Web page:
• I think the “A-Rod makes Derek a better defender” argument lacks substance. Derek played with Robin Ventura and Scott Brosius, two superb defensive third baseman. If anything, finally having a decent 2nd baseman in Cano has helped solidify the infield, and improved his putouts via dp etc.

    YF March 17, 2007, 3:09 pm
  • I am not partaking in the “making Derek better” argument, just looking at it conceptually. I still (and this is my own personal thing) find it amazing that a team would make the GPE move position. I think the “Alex had an MVP season” is a red herring, simply because the MVP voting is based almost entirely on offensive production, and not on defense. Had David Ortiz played even a marginal first base (which he didn’t), Alex wouldn’t have been the MVP. Rodriguez didn’t win the award because of his D, he won it because the other guy didn’t play any.

    SF March 17, 2007, 3:30 pm
  • I think the “A-Rod makes Derek a better defender” argument lacks substance.
    I agree. Moving the best short stop on the planet to third base does absolutely nothing to reduce the amount of range needed by the SS. But, in reality, I think Jeter has been wonderfully complimented by having A-Rod next to him, chewing up ground that’s normally left alone, but as Jeter has aged, he has gotten much better at getting good angles on balls, and allowing himself to cover more of the second base bag because of A-Rod. But, in my years here I’ve learned that if someone said ” buiding a 17′ brick wall from third toward second would really improve Jeter”, you’d shoot down the idea.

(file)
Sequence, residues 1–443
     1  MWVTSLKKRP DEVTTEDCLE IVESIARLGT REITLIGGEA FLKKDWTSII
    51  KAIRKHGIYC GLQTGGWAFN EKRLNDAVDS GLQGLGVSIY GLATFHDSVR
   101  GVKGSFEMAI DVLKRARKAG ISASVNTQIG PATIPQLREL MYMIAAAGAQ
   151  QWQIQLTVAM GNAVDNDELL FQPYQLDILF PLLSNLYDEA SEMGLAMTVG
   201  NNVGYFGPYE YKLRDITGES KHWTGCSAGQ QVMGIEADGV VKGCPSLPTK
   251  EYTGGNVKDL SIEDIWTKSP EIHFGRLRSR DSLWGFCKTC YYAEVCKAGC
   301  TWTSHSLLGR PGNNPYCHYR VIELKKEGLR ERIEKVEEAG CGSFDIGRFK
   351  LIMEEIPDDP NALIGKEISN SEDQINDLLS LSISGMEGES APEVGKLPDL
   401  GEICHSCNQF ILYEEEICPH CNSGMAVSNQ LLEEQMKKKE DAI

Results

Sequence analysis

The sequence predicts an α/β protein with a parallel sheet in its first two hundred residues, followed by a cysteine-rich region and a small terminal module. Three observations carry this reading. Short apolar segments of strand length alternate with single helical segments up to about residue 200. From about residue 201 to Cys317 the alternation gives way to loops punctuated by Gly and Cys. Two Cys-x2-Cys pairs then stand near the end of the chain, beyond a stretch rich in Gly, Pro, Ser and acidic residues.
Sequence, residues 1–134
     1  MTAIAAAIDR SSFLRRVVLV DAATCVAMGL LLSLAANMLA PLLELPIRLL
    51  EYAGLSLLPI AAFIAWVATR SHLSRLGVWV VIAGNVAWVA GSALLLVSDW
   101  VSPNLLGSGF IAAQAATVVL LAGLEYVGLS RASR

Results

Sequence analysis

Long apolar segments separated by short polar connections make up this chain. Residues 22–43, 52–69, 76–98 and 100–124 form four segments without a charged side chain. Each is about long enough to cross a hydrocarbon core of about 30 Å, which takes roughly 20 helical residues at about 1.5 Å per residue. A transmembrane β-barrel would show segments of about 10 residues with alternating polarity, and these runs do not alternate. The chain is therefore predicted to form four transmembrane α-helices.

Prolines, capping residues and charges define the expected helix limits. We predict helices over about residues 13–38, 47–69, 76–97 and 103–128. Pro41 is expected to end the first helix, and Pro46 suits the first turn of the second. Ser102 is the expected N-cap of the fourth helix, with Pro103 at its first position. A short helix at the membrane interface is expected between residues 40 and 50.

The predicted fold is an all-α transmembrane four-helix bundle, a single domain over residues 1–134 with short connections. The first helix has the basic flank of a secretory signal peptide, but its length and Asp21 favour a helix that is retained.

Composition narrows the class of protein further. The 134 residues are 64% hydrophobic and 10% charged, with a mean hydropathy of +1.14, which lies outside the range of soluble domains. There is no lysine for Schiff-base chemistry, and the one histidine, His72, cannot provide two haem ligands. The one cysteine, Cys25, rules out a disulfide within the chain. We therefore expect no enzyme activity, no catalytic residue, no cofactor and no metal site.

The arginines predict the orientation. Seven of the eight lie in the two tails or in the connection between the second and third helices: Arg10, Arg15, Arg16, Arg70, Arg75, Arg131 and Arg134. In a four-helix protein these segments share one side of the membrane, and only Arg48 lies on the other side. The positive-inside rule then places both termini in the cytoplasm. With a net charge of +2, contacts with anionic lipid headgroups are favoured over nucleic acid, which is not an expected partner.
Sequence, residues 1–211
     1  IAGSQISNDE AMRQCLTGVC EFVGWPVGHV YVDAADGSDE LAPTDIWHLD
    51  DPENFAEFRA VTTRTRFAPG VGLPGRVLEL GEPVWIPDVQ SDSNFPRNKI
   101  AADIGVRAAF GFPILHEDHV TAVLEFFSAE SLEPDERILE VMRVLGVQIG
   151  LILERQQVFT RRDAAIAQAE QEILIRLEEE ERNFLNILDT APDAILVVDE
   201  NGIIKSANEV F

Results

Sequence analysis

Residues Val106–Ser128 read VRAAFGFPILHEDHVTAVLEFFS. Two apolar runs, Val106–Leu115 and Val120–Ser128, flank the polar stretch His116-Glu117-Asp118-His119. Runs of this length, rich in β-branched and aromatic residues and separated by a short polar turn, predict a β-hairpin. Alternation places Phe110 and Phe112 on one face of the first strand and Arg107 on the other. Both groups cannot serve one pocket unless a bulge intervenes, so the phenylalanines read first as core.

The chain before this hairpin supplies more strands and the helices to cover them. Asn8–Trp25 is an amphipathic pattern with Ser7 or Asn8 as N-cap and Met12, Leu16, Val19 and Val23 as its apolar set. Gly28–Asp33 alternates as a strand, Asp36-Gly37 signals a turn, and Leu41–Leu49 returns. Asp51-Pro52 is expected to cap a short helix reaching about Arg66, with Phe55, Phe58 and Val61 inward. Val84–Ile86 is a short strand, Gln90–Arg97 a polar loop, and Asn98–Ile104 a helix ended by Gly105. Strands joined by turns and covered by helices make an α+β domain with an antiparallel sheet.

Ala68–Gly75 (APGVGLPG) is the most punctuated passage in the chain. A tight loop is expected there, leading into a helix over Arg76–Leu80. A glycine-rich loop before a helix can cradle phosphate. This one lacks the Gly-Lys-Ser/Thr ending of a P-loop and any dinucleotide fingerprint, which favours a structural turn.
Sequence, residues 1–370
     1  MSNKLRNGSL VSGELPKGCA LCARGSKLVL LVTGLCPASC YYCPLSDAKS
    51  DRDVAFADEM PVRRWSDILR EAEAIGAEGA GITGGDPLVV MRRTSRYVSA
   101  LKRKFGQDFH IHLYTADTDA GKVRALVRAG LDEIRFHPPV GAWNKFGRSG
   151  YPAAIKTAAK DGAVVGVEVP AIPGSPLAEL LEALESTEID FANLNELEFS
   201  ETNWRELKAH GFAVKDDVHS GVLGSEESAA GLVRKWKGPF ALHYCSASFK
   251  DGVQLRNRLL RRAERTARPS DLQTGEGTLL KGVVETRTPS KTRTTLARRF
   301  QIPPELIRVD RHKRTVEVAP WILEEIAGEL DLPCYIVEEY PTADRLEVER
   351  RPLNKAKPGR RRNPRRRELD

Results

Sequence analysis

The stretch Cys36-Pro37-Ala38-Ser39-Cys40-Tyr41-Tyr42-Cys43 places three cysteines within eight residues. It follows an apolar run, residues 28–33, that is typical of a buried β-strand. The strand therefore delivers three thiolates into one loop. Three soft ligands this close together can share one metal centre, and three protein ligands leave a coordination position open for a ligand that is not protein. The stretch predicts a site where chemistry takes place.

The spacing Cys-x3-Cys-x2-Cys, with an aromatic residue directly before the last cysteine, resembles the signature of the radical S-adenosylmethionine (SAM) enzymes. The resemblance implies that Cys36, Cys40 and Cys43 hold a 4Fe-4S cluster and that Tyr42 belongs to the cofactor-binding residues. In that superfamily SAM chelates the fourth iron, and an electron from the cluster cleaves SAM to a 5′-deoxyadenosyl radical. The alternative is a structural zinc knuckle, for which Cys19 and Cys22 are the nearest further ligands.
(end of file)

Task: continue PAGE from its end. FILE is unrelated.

Having A-Rod at third, while I’m sure there is no real proof of this, would make any SS in the game better. Jeters best defensive year was the year A-Rod came to town, no? Was it the second baseman that year too?

    Brad March 17, 2007, 3:34 pm
  • agree, SF. This arguement will never hold water with Jeter lovers, and will be justification for his improved defense for the rest of us. It’s never going to go anywhere until A-Rod leaves and says the same thing himself.